Silver bullet (figurative 1945)

Garson O'Toole adsgarsonotoole at GMAIL.COM
Mon Jan 10 22:34:46 UTC 2011

Many thanks for all your responses. The examples with Stoker's sacred
bullet, the Lone Ranger, Walter Scott, the Reformation, vampires and
witches are great.

As Joel helpfully notes the OED entry for silver bullet contains a
1678 citation for the literal sense. This date and the OED 1 a.
literal definition are given in the NYT blog post that I linked.
Ascribing magical properties to a silver bullet is part of the
"literal" definition.

The 1945 cite does refer to the claim that a silver bullet can harm or
destroy a supernatural entity (specifically a ghost) when it says
metaphorically that the battleship U. S. S. Pennsylvania has been
"haunting" the Japanese and also states:

They say you can't lay a ghost except with silver bullets. The
Japanese have no silver bullets for the Pennsy.

 However, I do not believe that "silver bullet" is being used in the
"literal" sense in this sentence because the Japanese could have
attacked the U. S. S. Pennsylvania with silver bullets if they thought
this would be an effective strategy. The NYT reporter does not really
believe that an attack using silver bullets would be appropriate for
destroying the "ghost" Pennsy.

The OED figurative sense is: "A simple, miraculous solution to a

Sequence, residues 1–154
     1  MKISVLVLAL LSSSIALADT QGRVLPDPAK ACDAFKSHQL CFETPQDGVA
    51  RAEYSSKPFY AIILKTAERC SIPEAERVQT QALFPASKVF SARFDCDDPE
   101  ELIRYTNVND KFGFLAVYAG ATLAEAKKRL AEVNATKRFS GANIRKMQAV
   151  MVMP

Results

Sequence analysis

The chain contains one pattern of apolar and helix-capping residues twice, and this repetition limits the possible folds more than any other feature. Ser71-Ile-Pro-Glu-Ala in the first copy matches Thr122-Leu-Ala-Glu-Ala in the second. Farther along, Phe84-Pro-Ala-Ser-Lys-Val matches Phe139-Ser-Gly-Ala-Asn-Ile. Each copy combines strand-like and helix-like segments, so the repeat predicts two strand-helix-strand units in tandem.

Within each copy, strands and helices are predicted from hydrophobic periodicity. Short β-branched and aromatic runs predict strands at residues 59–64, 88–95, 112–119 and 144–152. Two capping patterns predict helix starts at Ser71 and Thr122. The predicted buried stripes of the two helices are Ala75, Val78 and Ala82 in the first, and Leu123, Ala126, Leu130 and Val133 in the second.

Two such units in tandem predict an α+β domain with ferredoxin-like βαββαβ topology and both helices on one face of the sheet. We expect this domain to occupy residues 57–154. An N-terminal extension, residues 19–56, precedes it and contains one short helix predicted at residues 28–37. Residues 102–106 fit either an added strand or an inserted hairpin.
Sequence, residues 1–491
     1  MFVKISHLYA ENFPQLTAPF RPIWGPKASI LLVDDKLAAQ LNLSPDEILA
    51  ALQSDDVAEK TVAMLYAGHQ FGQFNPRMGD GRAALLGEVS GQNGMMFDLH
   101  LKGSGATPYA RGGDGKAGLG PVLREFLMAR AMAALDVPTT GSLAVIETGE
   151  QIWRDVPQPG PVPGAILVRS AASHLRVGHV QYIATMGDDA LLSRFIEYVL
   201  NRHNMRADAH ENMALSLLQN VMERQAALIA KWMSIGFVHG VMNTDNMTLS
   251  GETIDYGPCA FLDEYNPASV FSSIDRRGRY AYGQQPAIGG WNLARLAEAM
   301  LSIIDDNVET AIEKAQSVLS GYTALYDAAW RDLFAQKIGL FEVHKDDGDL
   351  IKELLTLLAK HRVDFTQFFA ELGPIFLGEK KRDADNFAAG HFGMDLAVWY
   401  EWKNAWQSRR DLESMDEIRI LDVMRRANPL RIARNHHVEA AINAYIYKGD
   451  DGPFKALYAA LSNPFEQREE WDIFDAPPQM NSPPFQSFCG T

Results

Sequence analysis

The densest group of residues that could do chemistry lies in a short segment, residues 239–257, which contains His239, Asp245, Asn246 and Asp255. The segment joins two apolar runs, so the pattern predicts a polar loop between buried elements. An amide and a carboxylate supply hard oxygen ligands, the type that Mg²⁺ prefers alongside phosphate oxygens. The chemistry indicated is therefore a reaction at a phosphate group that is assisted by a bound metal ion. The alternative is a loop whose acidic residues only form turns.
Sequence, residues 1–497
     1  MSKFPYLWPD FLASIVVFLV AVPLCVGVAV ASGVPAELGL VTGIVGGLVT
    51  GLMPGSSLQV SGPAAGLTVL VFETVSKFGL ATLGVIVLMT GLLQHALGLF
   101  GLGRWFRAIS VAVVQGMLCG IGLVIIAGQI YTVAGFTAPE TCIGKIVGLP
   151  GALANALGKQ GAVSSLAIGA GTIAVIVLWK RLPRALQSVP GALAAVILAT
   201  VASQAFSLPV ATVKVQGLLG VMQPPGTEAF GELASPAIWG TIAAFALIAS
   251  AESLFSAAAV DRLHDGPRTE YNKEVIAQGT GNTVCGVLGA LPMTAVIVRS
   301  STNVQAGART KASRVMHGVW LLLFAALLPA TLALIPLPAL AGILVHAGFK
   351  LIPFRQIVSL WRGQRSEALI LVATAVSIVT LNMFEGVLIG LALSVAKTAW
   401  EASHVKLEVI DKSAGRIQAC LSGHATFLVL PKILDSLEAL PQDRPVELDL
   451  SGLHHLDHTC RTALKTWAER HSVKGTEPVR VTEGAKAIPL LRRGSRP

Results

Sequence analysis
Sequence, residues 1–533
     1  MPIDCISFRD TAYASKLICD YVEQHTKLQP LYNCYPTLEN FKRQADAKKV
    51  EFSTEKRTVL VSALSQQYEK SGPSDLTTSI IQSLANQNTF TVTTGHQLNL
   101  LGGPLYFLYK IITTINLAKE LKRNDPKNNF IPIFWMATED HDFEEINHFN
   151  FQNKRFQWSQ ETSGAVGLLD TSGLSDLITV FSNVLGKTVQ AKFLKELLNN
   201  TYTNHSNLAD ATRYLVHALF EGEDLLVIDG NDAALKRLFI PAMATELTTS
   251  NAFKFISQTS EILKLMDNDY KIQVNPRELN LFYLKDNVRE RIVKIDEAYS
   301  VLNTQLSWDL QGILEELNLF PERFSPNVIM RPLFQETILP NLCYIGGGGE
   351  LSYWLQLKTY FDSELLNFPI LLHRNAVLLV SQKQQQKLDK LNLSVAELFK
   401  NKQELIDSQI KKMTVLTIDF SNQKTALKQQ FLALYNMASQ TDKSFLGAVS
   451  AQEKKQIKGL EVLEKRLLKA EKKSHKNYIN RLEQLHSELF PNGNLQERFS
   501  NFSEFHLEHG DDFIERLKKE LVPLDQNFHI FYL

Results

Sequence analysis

complex and difficult problem." The 1945 cite fits this imperfectly
because the battleship poses a difficult problem for the Japanese, but
the solution need not be "miraculous".

When searching for examples of the phrase "dodging silver bullets" a
few months ago I came across an odd example. The story may be
apocryphal but the precious-metal bullets are literal. An 1878
newspaper account about a "red ape" (Red Demon, Mungo) suggests that
the folk-belief in the power of silver bullets (and gold bullets) was
taken seriously by some people at that time in Caratal, Venezuela. The
ape was chained to the wall of a house by a settler named Seiler, and
the populace considered it very dangerous.

Cite: 1878 October 3, Freeborn County Standard, The Monkey Assassin,
Page 1, Column 5, Albert Lea, Minnesota. (NewspaperArchive)

People now took the law into their own hands, but with equally poor
success. The Red Demon seemed to bear a charmed life. He dodged silver
bullets with the greatest ease, and one genius who melted down two
ounces of gold into a slug to make sure of him, had the satisfaction
of seeing Seiler pick the precious missile out of his wall and
purchase rum for himself and raw beef for Mungo with it, just at a
juncture, too, when his credit had collapsed and given rise to a hope
that the ape would starve to death after all.


On Mon, Jan 10, 2011 at 4:22 PM, Joel S. Berson <Berson at> wrote:
> ---------------------- Information from the mail header -----------------------
> Sender:       American Dialect Society <ADS-L at LISTSERV.UGA.EDU>
> Poster:       "Joel S. Berson" <Berson at ATT.NET>
> Subject:      Re: Silver bullet (figurative 1945)
> -------------------------------------------------------------------------------
> At 1/10/2011 03:51 PM, Jonathan Lighter wrote:
>>Robert Southey alludes to the vulnerability of an English witch
>>to a silver bullet in his  English Eclogues, "Eclogue VI: The Witch," in his
>>_Poems_, II (Bristol, 1799), p. 221.
> Given John Trumbull's 1772 quotation (OED), it would appear American
> witches were sturdier than English.  Must have been the brisker New
> England climate.
> Joel
> ------------------------------------------------------------
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